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Hey everyone, I'm back after a leave of absence for school! So I'm going to get started on my next project which I will be building a Basswood Guitar kit. Now I know Basswood is a soft wood which is where you guys' help comes in. What is the best way to protect Basswood when painting the body with acrylic paint? I've heard of epoxy or shellac used as an initial coat but I don't know how well acrylic paint would stick to that or whether either of the two finishes will lift the acrylic paint. Would just a few of topcoats of poly be enough to protect the guitar?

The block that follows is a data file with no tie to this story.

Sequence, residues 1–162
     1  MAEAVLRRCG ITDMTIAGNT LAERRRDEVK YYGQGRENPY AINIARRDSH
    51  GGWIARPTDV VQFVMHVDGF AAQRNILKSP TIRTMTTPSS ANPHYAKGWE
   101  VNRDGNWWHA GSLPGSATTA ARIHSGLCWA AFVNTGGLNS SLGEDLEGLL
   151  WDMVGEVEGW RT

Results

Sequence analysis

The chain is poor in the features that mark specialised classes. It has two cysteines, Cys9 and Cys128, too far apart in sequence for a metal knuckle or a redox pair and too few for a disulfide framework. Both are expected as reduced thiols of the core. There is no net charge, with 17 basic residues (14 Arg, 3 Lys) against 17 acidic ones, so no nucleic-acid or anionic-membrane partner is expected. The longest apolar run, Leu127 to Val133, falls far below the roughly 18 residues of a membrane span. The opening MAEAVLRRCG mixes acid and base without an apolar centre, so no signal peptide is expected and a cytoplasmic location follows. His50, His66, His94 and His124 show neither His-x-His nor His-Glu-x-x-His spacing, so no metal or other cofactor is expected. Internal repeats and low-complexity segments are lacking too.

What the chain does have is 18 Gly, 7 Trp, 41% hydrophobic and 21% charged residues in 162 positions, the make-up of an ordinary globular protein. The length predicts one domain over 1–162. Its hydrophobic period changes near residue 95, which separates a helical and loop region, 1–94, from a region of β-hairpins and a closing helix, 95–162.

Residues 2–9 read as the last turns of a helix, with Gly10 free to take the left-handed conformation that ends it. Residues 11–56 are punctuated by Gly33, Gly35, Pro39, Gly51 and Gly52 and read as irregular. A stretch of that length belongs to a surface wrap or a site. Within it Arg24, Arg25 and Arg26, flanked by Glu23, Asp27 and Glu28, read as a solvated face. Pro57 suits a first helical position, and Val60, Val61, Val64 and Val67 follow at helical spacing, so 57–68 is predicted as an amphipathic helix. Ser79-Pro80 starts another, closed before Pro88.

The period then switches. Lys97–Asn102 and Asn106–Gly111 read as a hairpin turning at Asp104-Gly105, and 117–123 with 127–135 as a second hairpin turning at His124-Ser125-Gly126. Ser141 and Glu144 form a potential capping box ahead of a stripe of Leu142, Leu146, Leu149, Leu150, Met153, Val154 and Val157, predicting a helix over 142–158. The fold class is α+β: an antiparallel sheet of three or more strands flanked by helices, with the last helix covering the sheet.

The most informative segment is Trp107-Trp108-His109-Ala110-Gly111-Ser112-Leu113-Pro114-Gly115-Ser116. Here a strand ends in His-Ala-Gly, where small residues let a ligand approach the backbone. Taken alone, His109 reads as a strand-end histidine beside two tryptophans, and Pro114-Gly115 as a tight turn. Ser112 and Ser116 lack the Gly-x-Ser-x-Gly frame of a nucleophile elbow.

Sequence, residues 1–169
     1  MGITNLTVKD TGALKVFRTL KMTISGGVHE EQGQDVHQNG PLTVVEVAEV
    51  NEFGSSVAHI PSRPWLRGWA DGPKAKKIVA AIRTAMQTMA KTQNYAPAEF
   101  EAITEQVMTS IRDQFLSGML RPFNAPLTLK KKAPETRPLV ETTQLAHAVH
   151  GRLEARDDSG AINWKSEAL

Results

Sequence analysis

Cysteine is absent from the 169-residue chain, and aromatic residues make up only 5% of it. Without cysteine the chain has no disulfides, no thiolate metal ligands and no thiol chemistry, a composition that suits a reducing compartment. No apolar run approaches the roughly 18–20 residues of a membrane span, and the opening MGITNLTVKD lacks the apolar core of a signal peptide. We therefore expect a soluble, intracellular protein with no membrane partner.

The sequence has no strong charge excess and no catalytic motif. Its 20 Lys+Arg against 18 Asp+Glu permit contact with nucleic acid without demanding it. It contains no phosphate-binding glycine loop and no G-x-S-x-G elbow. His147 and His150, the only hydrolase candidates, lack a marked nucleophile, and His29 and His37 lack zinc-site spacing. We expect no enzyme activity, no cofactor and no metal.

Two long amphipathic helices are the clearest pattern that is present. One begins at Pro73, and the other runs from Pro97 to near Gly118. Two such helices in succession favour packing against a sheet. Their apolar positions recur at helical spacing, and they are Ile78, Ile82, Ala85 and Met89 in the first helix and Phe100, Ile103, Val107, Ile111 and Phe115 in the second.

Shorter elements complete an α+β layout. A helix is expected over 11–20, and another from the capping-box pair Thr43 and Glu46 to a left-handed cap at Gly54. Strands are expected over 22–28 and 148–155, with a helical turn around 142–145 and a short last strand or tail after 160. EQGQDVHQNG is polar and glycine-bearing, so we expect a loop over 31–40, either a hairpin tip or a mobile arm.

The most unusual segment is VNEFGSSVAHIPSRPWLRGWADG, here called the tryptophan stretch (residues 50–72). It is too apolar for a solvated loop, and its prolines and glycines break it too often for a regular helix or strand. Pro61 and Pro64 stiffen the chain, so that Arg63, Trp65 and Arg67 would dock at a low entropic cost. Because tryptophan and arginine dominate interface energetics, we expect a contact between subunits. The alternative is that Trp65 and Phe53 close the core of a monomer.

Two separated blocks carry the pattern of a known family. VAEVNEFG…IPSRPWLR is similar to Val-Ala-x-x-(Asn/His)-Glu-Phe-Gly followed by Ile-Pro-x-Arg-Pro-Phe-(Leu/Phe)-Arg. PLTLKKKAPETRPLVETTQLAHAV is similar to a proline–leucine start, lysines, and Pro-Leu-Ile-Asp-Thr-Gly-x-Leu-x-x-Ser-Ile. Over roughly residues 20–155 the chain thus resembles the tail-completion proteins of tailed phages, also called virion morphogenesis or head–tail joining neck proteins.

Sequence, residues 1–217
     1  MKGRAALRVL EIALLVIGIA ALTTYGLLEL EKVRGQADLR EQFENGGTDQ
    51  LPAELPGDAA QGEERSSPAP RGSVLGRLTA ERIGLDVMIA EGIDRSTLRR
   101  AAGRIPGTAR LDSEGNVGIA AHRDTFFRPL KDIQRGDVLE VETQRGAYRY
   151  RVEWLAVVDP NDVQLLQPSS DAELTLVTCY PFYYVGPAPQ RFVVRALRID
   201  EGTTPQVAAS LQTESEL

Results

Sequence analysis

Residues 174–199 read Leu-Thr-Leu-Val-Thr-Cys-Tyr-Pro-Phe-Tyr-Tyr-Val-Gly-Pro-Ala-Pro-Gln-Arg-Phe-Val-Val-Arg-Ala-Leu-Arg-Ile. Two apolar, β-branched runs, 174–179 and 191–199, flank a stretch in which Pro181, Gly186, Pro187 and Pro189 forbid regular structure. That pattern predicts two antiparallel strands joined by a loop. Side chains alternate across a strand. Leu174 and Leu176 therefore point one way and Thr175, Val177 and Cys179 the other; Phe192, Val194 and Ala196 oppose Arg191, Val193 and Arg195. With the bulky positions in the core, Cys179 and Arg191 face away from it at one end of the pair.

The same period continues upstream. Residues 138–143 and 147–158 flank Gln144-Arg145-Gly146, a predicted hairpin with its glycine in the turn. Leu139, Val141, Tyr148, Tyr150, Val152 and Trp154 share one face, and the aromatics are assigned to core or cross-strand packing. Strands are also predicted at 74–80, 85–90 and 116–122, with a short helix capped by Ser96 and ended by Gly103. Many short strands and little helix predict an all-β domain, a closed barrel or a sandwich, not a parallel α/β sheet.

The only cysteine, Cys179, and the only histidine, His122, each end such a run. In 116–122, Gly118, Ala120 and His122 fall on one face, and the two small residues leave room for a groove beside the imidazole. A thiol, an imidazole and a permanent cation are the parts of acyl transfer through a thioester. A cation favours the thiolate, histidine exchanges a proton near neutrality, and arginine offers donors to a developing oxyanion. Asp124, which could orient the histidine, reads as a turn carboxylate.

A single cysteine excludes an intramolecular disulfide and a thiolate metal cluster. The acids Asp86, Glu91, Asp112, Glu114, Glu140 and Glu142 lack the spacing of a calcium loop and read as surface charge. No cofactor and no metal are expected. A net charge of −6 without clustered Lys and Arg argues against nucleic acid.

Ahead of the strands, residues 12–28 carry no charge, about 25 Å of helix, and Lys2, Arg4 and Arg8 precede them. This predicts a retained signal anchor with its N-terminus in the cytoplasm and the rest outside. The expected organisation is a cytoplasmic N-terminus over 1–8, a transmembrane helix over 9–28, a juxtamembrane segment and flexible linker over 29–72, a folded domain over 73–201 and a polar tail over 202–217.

Several commercial luminescent marker products are available. Off-the-shelf solutions (such as those from Luminlay) are available in several sizes or raw sheet, costing upward of USD$20-30 plus shipping for enough to do a full instrument. A more temporary solution exists in the form of pre-made stickers that fit over existing inlays or sheets of adhesive-backed vinyl that can be cut to whatever shape you please. For relatively little expense, it is laughably easy to make several sets of your own high intensity luminescent inlays, even making sizes and shapes not commercially available. Casting our own dots and some simple side line markers using materials that are a cinch to get ahold of produces a high quality alternative to ready-made dots. You will need: Luminescent powder Good quality two-part epoxy or casting resin HDPE sheet such as a kitchen chopping board Drill bits corresponding to the size of dot to be made Masking tape Luminescent Powder Most importantly we need luminescent (glow in the dark) powder. This is easily available from plenty of sites around the net, eBay and Amazon, etc. Strontium Aluminate (SrAl2O4) powders are the brightest and glow for the longest time, but can only produce a limited range of colours. More "difficult" colours such as red tend to be Yttrium Oxide Sulphide or Zinc Sulphide. These have lower brightnesses and glow times than Strontium Aluminate. Powders are often available in different grades of coarseness; larger grain sizes (typ. 100µm to 250µm) tend to be brighter than the finest grades (~10µm). All are equally suitable for this tutorial, plus blending colours is an option should you want to experiment. The powder used in this tutorial is 20g of an Aqua Blue at around 30-40µm grain size. 20g is more than enough to do a few full sets of fret markers. This shouldn't cost more than a few dollars/shekels. Epoxy or Casting Resin For casting, you need a common clear resin such as an epoxy or similar two-part system. I'll be using ZAP Z-Poxy 30min (PT-39) however you can easily substitute this for a different product such as West System 105, a casting resin such as Alumilite or similar cold curing resin. Have a hunt around the RC enthusiast or crafts casting suppliers and sites; they tend to have plenty of epoxies on stock plus a lot of experience in their application. Z-Poxy 30min (PT-39) was chosen out of economy and availability. Although designed as a adhering epoxy, that property is not important in this context. The Z-Poxy line also includes a Finishing Resin (PT-40) for fibreglass or carbon fibre layups, which also sets up in 30 minutes. That would also be a satisfactory alternative, however tends to be more expensive. General DIY epoxy glues for repairing things around the home (those in the two-tube syringe dispensers like Araldite, etc) are a poor substitute at best; a quality epoxy costs about the same as these consumer-grade repair glues, however they don't tend to come in the same small quantities. That said, a good epoxy has many uses around the workshop so is a good investment beyond this one job. The Z-Poxy 30min was €21,50 for 8fl oz/237ml. That's about 3-4 mouthfuls, however this is not a safe or standard method of measurement. It might seem a small quantity or a high price, but this is enough for several bags of glow powder and it'll run you a load of different jobs. The big ticks are that it dries clear, has a sufficient open time (30mins to gel, a few hours more to fully cure) and isn't finicky if you get the mix ratio slightly out. HDPE Sheet For the mould, we're going to use a cheap and commonly available kitchen chopping board made of HDPE (High Density Polyethylene). Unlike most materials, casting resins and epoxies don't adhere at all well to HDPE plus it's pretty simple to machine, making it an ideal choice. Obviously, most people don't care too much about what material their cheap plastic chopping board is made of and correspondingly, manufacturers don't go out of their way to write it all over the packaging. That said, find the triangular recycling (PIC) mark which identifies the plastic type. Any marked with a "2" in the centre will be HDPE and this might be stamped underneath the PIC. Polypropylene or LDPE can work, however HDPE is a more reliable option and more resistant to epoxies. The chopping board I used was just over 6mm thick (1/4") and cost me €4 for a large magazine-sized board. Pocket money. Whilst I don't need a mould this size, it worked out cheaper than buying the smaller one which was €1 cheaper. I just ripped it to size on the table saw and kept the spare for future use. If you want to go the whole hog, more exotic polymers such as UHMWPE (Ultra High Molecular Weight Polyethylene) or PTFE (Polytetrafluoroethylene or Teflon) can be sourced from many plastics suppliers in sheet form. Generally these will be more expensive than more readily-available HDPE however their ridiculously low coefficient of friction makes them fantastic for making epoxy moulds. Ask if they have any free scraps or samples. ------ The process is relatively simple. Prepare the mould. Mix up one part of your epoxy or casting resin with the glow powder. Add the second component and then pour it into the moulds. Allow it to cure, and push the finished pieces out. Let's look at each stage in more detail. Making the mould HDPE is simple to machine using woodworking tools. When drilled, HDPE tends to produce long spirals of swarf which wrap themselves around the drill bit. Whilst not a hazard, it's worth clearing the drill of this swarf every now and again. Drill speeds should be lowered to a very slow speed as HDPE starts to become soft and melty above 80°C/176°F. This can cause swarf to weld itself back to the workpiece. Routing HDPE is similar. The lowest speed possible on the router works a treat, producing small chips and a clean finish. Round dots are the most common and easiest moulds to prepare; simply drill the HDPE straight through with the appropriate size bit. I set up a simple jig on the pillar drill to cut set of 6,0mm 5,0mm and 2,5mm holes. The jig is simply a back stop made from a flat piece of scrap board which allows the holes to be cut in a neat line. Totally not necessary, however it helps speed up the work and helps make the most of the real estate around the HDPE sheet. It's worthwhile making more mould holes than you might need. Any unused epoxy can be used to cast spare dots in case any turn out faulty. The mould will be reusable dozens of times, it is a good idea to consider making ordered sets of holes corresponding to marker sizes you commonly use, or may use in future. To make some rounded side markers, a simple small diameter cutter is fitted into the router. The height is set short of cutting the entire board through. Halfway is fine and will produce a ~3mm deep mould. That said, I know this router table to be poor, and the top flexes in use. I expect just over 4mm of cut. Thankfully this router table is not mine.... Using a squared piece of scrap as a push stick makes this cut safe since it is too short to run against the fence on its own. Push with the board, keeping the workpiece pressed flush back against it and both pressed against the fence. Once the cut have been made, draw both pieces backwards steadily. Nice. Two clean rounded-end slotted moulds....and they measured about 4,5mm deep so the table was particularly bendy today.... Progressively moving the fence backwards makes a series of slots into the edge. One or perhaps two of these slots were poor cuts with slight bites into the sides ruining the straightness. I'll black those up with a permanent marker so I don't use those. Preparing the mould Clean your mould using a cloth dampened with denatured alcohol. After drying, apply masking tape to the moulds to close them off. For the side markers, create a "dam" by closing the edge up to the corner. Fold the tape underneath and burnish it to the plastic with your fingers. For the through holes, strips of tape closing the underneath is all that is needed. Again, burnish the tape securely with your fingers. Mixing the epoxy Pre-heat the resin and hardener in lukewarm water. This helps to reduce the thickness of the epoxy, allowing for easier working and fewer bubble inclusions. Wearing nitrile gloves is recommended when working resins. Epoxy resins and hardeners are sensitisers, causing rashes or other nasty things. The more you expose yourself to them, the more likely you are to have reactions. The warnings on the box are no joke. Keep a cloth and some denatured alcohol nearby to clean up any spills or accidental skin contact. In two mixing cups, measure equal amounts of resin and hardener. Follow the manufacturers instructions on measurement; some are fine by weight whilst some recommend by volume. Stick as close to the the recommended correct ratio as possible. In this case, Z-Poxy 30-min recommends a 1:1 ratio. Experience tells me that there is a little fudge factor either side of this. It's a pretty friendly product to work with. Epoxies like West System 105 (5:1 ratio) tend to be a little less forgiving. If you are planning on making a very large number of markers, consider splitting the work up into batches. Resins cure chemically, and a byproduct of this process is exothermic heat. Unfortunately, the curing process is also accelerated by heat! Mixing up large batches of curing resin can easily lead to self-sustaining thermal runaway, causing the resin to boil or even catch fire. At best the mixture starts to gel before you're finished working with it. Measure an approximately equal volume of glow powder into either the resin or the hardener. I haven't decided whether either is a better choice to mix into as of yet. Incorporate the powder using a stirring stick. The mixture will become thicker and start to fold over itself as the powder is worked in. Draw the mixture over any dry or wet residue, splitting and refolding it until completely smooth and incorporated. Scrape the sides and the bottom to ensure nothing escaped. The resulting mixture should be easy to scrape out of the container, leaving little residue. Mix this into the second component and again, incorporate fully. Scrape the sides and base of the container to remove any stubborn pockets. The clock is now ticking. For Z-Poxy 30-min the open time (not the cure time) is around 30 minutes. Since we heated the components slightly to make them more workable, this may be a little less than stated. Still, we have more than enough time to mould up several sets. Time to get to work Use a kebab skewer or similar, draw a lump of the mixture from the cup. Allow this to drizzle off the end of the stick and into the target mould. It's not too important to be super accurate. Do remember that the clock is ticking! Any under or over fills are no big deal, plus the epoxy will settle in. A few minutes later, I had all of the mould filled and excess epoxy left over. Wasteful, which is a real shame. I should have made a larger mould set, however I'll have a spooky glowing cup anyway. I'd used the stick to scrape excess over the mould and a cocktail stick to check the smallest dots didn't have bubbles. The warm epoxy flowed nicely and where it was meant to with no bubbles at all. Excellent. Finish up by taking a craft knife blade (a small rubber squeegee would be good also) to drag excess over and off the surface. I held the blade at about 45° to force excess down into the mould for a better fill. For the side markers, dragging at 45° to the direction of the markers as the blade scraped across helped prevent lifting of the epoxy out of the moulds. When the epoxy starts to set up, it likes to "grab" and try dragging itself out. Okay, everything is looking good. The epoxy felt as though it was becoming more difficult to work and the excess in the cup was feeling warm to the touch. This is a sign that the curing process has kicked into motion; exothermic heat from the chemical reaction. Time to leave it to chooch. A few hours later the epoxy was more or less done. Adding fillers like luminescent powders might effect the absolute curing time, however the Z-Poxy 30-min seems like an ultra-hard candy after three hours anyway despite this. The mould was washed in warm water and the masking tape peeled or rubbed off as it soaked. Epoxy is waterproof, so washing doesn't affect the markers. Poking out the first 6,0mm dot shows a consistent and bubble-free mould fill. This dot is more or less the full thickness of the mould; far deeper than inlays really need to be. Better than too shallow of course! The easiest method of popping dots out is placing the mould on top of a roll of masking tape or some other flat supportive surface with an empty area in the middle. Popping dots out from the top of the mould seemed more difficult than popping them out from the back. The side marker lines are a little different. Flexing the mould slightly "cracks" any adhesion between the mould and the epoxy. Persuasion with a fingernail or a flat-bladed screwdriver easily removes them. The result! One of the smallest (2,5mm) dots had a bubble, however this round saw almost a 100% yield. Time to start making collections. There'll be piles more where these came from as this used a small quantity of epoxy. The cost of these inlays is a fraction of any commercial equivalents, plus they're far thicker. After briefly charging the inlays using a lightbulb the inlays glow strongly! Daylight contains more UV which is a better option for charging luminescent inlays. My blacklight LED torch had not yet arrived in time for publication; these can be bought for a couple of dollars on eBay or wherever. Blacklight or UV LEDs and charge luminescent inlays extremely quickly and strongly! Do bear in mind the warnings about exposing your eyes to direct UV light.... Dots can be installed much the same as any other; a hole drilled to the corresponding size and glued in with a drop of cyanoacrylate glue. The epoxy dots respond well to being filed flat before sanding and polishing along with the rest of the fingerboard. The colour is a slightly-off ivory with a hint of green. UPDATE: The dots are painfully bright after brief charging with an LED blacklight pen: Remember the pot of waste epoxy? This is how it shines in daylight. Alternative methods You are not restricted to casting markers in HDPE moulds or using epoxy as a binder for the luminescent powder. The epoxy mixture works wonderfully cast directly into brass, copper or sterling silver tube to produce a metal outline for the dot. Simply wrap masking tape around the outside of the tube to keep it clean and pour epoxy directly in. Forum member Chris Verhoeven produced a fantastic video on direct casting of photo-luminescent dots. Rather than casting the markers separately, Chris fills the dot locations with luminescent glow powder and wicks cyanoacrylate glue in to lock up the powder. In addition, lacing the glow powder with Ebony dust creates a faux reconstituted stone look to the finished item. For a future tutorial, we will look at making more complex moulds for making inlays....stay tuned! ------ Thank you This tutorial was made possible due to the ongoing support of our Patreon donators. If you found this publication useful; share it and talk about it! Even better, drop a couple of bucks in the Patreon hat so we can keep raising the bar with our published content.